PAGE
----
Hinds lives in Paris with his long-time partner, Hélène Patarot; they met in 1987 while in the cast of Peter Brook's production of The Mahabharata. They have a daughter, Aoife, born in 1991.[11]

Hinds is close friends with fellow Irish actor Liam Neeson and served as a pallbearer at the funeral of Neeson's wife, Natasha Richardson, in upstate New York, on 22 March 2009.[12]


Hinds has become Patron of the charity YouthAction Northern Ireland.[13] YouthAction's Rainbow Factory School of Performing Arts is a youth arts projects with 500 young people taking part in a range of workshops and classes. His mother Moya also one of the charity's Patrons, has been a supporter of the charity's work for many years.




  • Our Boys (1981)
  • The Long March (1984)
  • Tales From The Crypt (Season 7, episode 11, Confession, 1989)
  • The Mahabharata (1989)
  • Who Bombed Birmingham? (1990)
  • Yellobacks (1990)
  • Perfect Scoundrels (TV series), (Season 3, episode 6, The Good-Bye Look, 1992)
  • Between the Lines, (Season 1, episode 1, Private Enterprise, 1992)
  • Hostages (1993)
  • The Man Who Cried (1993)
  • Prime Suspect 3 (1993)
  • Soldier, Soldier (Season 3, episode 7, Trouble and Strife, 1993)
  • The Memoirs of Sherlock Holmes, (Season 1, episode 6, The Cardboard Box, 1994)
  • A Dark-Adapted Eye (1994)
  • Seaforth (1994 TV series)
  • Rules of Engagement (1995)
  • The Affair (1995)
  • Persuasion (1995)
  • Testament: The Bible in Animation Episode: Creation and the Flood (1996)
  • Cold Lazarus (1996)
  • Jane Eyre (1997)
  • Ivanhoe (1997)
  • Getting Hurt (1998)
  • Jason And The Argonauts (2000)
  • The Sleeper (2000)
  • Thursday the 12th (2000)
  • Broken Morning (2003)
  • The Mayor of Casterbridge (2004)
  • Rome (2005–07)
  • Above Suspicion (2009)
  • The Red Dahlia – Above Suspicion II (2010)
  • Deadly Intent – Above Suspicion III (2011)


Glasgow Citizens Theatre Company

  • Carlo Goldoni The Battlefield Robert David MacDonald Faustino
  • Bertold Brecht The Caucasian Chalk Circle Giles Havergal Shauva, the policeman/Prince Georgi
  • Robert David MacDonald Don Juan Philip Prowse Father Juan
  • Shawn Lawton Desperado Corner Di Trevis Frank
  • Vernon Sylvaine Madame Louise Giles Havergal Bishop of Porchester
1983 (autumn)

Other Theatre

Royal Academy of Dramatic Arts

  • Anton Chekhov The Seagull Peter Watson Konstantin (Kostya)
  • Anonymous Arden of Faversham Geoff Bullen Black Will
  • John Wilson Hamp Euan Smith Prosecutive Officer
  • Caryl Churchill Objections to Sex and Violence unknown Arrogant pseudo-intellectual

Lyric Theatre, Belfast

  • Brian Clark Whose Life is it Anyway? Tony Dinner Philip Hill (the solicitor)
  • Mary O'Malley Once a Catholic Michael Poynor Derek (a Teddy Boy)
  • Jennifer Johnston Indian Summer Robert Cooper Cathal Dillon

Project Arts Centre, Dublin


Greenwich Theatre, London

  • John Webster The White Devil Philip Prowse Lodovico
  • William Congreve Way of the World Giles Havergal Fainall
  • Anton Chekhov The Seagull Philip Prowse Trigorin
  • Thomas Otway The Orphan Philip Prowse Castalio

Royal Shakespeare Company

  • Tirso de Molina/Nick Dear The Last Days of Don Juan Danny Boyle Don Pedro Tenorio
  • Christopher Marlowe Edward II Gerard Murphy Roger Mortimer
  • Richard Nelson Two Shakespearean Actors Roger Michell Dion Boucicault
  • William Shakespeare Troilus and Cressida Sam Mendes Achilles

Abbey/Peacock Theatres, Dublin

  • J. Graham Reid The Death of Humpty Dumpty Patrick Mason Doctor
  • Peter Sheridan Dialann Ocrais/Diary Of A Hunger Strike Peter Sheridan O'Connor
  • William Butler Yeats Cuchulain Cycle James W. Flannery Cuchulain

Royal National Theatre, London

  • Sophie Treadwell Machinal Stephen Daldry The Young Man


  • Anton Chekhov/Thomas Kilroy The Seagull Patrick Mason Konstantin Grand Opera House, Belfast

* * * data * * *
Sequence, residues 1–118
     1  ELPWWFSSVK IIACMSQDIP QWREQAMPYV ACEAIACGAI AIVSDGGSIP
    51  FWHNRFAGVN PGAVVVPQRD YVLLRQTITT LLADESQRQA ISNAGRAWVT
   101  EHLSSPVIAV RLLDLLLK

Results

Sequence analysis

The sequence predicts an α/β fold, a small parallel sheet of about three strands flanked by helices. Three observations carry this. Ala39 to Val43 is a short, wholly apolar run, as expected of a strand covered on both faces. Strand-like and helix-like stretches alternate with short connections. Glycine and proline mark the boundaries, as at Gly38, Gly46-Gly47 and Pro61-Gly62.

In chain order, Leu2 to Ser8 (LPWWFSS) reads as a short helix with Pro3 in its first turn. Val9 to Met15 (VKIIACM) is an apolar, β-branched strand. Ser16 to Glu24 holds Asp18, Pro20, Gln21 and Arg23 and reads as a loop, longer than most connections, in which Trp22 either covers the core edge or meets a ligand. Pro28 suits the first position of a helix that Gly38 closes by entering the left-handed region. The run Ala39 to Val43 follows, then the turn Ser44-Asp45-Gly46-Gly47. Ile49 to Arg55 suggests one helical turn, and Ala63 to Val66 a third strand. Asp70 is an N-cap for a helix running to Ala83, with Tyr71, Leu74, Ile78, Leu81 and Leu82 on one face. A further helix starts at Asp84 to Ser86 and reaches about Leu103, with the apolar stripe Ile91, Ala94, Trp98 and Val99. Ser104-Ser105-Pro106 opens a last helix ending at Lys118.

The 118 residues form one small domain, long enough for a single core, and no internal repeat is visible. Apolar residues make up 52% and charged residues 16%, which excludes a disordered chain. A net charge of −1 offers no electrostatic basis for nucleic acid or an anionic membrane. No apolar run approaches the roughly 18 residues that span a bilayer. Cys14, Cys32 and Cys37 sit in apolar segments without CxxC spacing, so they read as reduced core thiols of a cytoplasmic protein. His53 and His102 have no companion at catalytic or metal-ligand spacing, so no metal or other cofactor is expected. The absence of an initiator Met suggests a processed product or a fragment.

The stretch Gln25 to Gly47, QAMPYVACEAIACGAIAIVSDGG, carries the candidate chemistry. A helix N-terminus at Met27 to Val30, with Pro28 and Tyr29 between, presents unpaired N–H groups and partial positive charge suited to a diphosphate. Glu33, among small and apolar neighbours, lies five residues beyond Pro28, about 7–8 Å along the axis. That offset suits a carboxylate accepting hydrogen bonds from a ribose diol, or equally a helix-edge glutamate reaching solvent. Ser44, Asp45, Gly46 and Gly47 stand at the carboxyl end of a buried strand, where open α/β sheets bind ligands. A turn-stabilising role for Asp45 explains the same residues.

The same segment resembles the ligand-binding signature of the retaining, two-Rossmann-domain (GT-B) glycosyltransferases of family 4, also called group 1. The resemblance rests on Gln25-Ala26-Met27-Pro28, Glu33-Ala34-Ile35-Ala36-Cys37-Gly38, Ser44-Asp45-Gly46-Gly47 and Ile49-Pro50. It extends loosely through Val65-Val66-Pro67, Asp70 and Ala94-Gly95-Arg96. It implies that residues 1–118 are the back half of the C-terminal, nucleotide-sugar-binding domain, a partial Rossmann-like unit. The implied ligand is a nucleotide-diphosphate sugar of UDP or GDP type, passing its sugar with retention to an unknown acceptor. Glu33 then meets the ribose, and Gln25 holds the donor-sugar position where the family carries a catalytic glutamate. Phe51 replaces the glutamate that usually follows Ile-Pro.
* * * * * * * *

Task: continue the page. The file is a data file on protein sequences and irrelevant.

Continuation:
• James Ellis/W.B. Yeats On Baile's Strand Christopher Fitz-Simon Cuchulain Belltable Arts Centre, Limerick
  • Samuel Beckett Waiting for Godot Ben Barnes Estragon Belltable Arts Centre
  • Liz Lochhead Blood and Ice Kenny Ireland Byron/the Monster Traverse Theatre Company, Edinburgh
  • Tom Paulin The Riot Act (Antigone) Stephen Rea Chorus Leader Field Day Touring Company, Derry
  • Derek Mahon High Time (School for Husbands) Wolk and Long High Tech Field Day Touring Company
  • John Ford 'Tis Pity She's a Whore Garry Hynes Giovanni Druid Theatre Company, Galway
  • Oscar Wilde The Importance of Being Earnest Garry Hynes John Worthing Druid Theatre Company
  • Shane Connaughton I Do Like To Be Jeff Teare David The Irish Company
  • Frank McGuinness Observe the Sons of Ulster Marching Towards the Somme Michael Attenborough George Anderson Hampstead Theatre, London
  • Adapted by Jean-Claude Carrière Mahabharata Peter Brook Ashwattaman/Nakula World Tour
  • Stephen Sondheim/John Weidman Assassins Sam Mendes Samuel Byck Donmar Warehouse, London
  • Sam Sheppard Simpatico James MacDonald Vinnie Royal Court Theatre, London
  • Patrick Marber Closer (Broadway production) Patrick Marber Larry Music Box Theatre, New York
  • Chekhov/Brian Friel The Yalta Game Karel Reisz Gurov Gate Theatre, Dublin
  • Conor McPherson The Seafarer Conor McPherson Mr Lockhart Booth Theatre, New York
  • Conor McPherson The Birds Conor McPherson Nat Gate Theatre, Dublin

Further reading

Ciarán Hinds, entretien réalisé par Andréa Grunert,le 16 décembre 2008' (March 2009) p. 1–10. [Interview/French]


  1. ^ "',Jane Eyre', Interview, A&E". Retrieved 3 May 2011. 
  2. ^ "',Festive T.V. Back from the Dead', Manchester Online". 22 December 2003. Retrieved 3 May 2011. 
  3. ^ Barlow, Helen (25 April 2010). "His mild Irish heart". The Age (Australia). Retrieved 9 September 2010. 
  4. ^ "Ciaran Hinds Biography (1953–)". Retrieved 3 May 2011. 
  5. ^
  6. ^ "',A Familiar Face',, The Irish News". 28 January 2006. Retrieved 3 May 2011. 
  7. ^ "Star Ciarán's early career was a drag". Belfast Telegraph. 3 February 2008. Retrieved 3 May 2011. 
  8. ^ "From Belfast to Broadway". The Herald Magazine. 23 February 2008. Retrieved 3 May 2011. 
  9. ^ Coveney, Michael (5 March 2009). "Burnt By The Sun, National Theatre, London". The Independent (UK). Retrieved 21 May 2009. 
  10. ^ Strain, Arthur (6 December 2006). "Star shines in Herod nativity role". BBC News. Retrieved 30 April 2010. 
  11. ^ "Ciarán Hinds – Biography". Retrieved 3 May 2011. 
  12. ^ "". 12 April 2009. Retrieved 3 May 2011. 
  13. ^ "Northern Ireland". YouthAction. Retrieved 3 May 2011. 

External links